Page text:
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4 Ways Sexist, Macho Culture Hurts Men

Women aren't the only victims of hyper-masculinity.
 
 
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Macho culture– the perpetuation of hypermasculinity, dominance, violence, bravado– can be deadly, particularly for women. According to the  World Health Organization, women in the US are victims of intimate partner violence at a rate about five times that of men, and the  United Nations has found that the most common form of violence experienced by women around the world is physical violence inflicted by an intimate partner. 

While men experience much lower rates of violence, and are privileged in many respects, it's both naïve and harmful to ignore the ways in which macho culture negatively affects their psyches. Sexism is detrimental to society as a whole and should be examined as a cultural and systematic structure. Thoroughly understanding the effects it has on women as well as men, can help reduce all manifestations of violence. Since gender is a performance, men are not inherently more violent, so this behavior can certainly be changed. 

Here are four ways macho culture hurts men:

1. Causes Emotional Repression

Men are often discouraged from showing any sort of physical or emotional weakness. This can begin at a very young age. “The earliest experience with macho culture was when I was young and started playing football,” says Jon Tribble, now editor and professor of creative writing. “That was an extreme version.” He believes that this sort of masculinity causes young men to suppress pain, and consequently, become incapable of understanding who they are and what they feel. Celia Falcov, clinical professor in the Department of Psychiatry at the University of California-San Diego and author of  Latino Families in Therapy, says that the fear of being perceived as vulnerable or weak can also keep men or boys from asking for help.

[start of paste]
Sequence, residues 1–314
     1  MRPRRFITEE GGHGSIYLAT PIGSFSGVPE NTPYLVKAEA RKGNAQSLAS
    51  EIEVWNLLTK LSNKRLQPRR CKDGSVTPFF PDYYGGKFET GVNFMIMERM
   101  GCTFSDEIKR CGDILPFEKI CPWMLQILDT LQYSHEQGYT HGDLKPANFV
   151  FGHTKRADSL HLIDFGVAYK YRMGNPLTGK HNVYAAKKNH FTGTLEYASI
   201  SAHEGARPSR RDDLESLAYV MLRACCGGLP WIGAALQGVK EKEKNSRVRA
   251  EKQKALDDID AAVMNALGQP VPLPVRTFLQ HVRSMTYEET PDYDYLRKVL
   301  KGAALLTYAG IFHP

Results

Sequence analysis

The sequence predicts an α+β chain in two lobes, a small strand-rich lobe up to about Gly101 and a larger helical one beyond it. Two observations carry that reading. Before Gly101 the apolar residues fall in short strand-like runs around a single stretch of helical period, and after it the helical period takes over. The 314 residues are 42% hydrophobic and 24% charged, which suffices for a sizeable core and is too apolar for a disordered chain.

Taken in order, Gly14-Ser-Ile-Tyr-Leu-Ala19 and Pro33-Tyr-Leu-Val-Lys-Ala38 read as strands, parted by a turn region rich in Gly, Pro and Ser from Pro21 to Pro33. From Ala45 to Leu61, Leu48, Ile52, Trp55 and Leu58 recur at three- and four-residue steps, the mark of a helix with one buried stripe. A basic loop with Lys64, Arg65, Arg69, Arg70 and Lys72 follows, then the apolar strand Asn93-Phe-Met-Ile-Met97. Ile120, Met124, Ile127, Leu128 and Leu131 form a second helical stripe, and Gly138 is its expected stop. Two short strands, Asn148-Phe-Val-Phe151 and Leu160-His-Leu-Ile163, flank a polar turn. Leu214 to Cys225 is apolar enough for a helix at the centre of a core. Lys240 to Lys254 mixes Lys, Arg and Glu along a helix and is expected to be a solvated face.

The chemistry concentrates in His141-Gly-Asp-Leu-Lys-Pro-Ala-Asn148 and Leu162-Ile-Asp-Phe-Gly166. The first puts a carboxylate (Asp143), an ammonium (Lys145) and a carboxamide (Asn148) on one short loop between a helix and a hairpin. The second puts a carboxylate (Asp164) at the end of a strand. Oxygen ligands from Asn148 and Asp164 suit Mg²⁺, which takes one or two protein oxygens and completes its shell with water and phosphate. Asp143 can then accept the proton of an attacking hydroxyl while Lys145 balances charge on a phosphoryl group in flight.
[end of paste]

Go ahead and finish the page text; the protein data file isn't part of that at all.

Not allowing boys to show emotion can have devastating effects that can last a lifetime. Warren Reed, an African American security guard living in Los Angeles, says that when he was a child growing up in rural Louisiana, his mother and sister discouraged him from playing with girls. He feels that his family expected him to be tough and hypermasculine, even though that was not who he truly was. Because he felt misunderstood by his community, he became very withdrawn. “It affects me to this day,” he says.

Repression can  also be incredibly detrimental one's health. Falcov says that repression and denial can cause many health issues such as heart disease, high blood pressure, and back pain. According to the article " Hispanic Masculinity: Myth or Psychological Schema Meriting Clinical Consideration,” a growing body of evidence also reveals that chronic repression of anger is associated with cancer, asthma, higher levels of cholesterol, irritable bowel syndrome, ulcers, and insomnia.

2. Encourages Aggression and Violence

“Tendency towards domination and violence also has negative consequences for the machista man,” says Falicov. She believes that perpetually being in defensive mode can make these men unable to relax. Not only that, many times macho men are compelled to fight to defend their hurt pride, which can lead to physical injuries.

Tribble says he witnessed this sort of propensity for violence when he managed movie theaters and had to deal with many teenage boys. He says that if these young men felt that a customer had disrespected them, they immediately wanted to fight back. “At a certain point, you're no longer in a school yard,” Tribble says. He believes that part of the problem is that young men don't ever see the consequences of violent behavior in TV or film. “It's not surprising because they're being taught that being aggressive is going to get you good results.”

 
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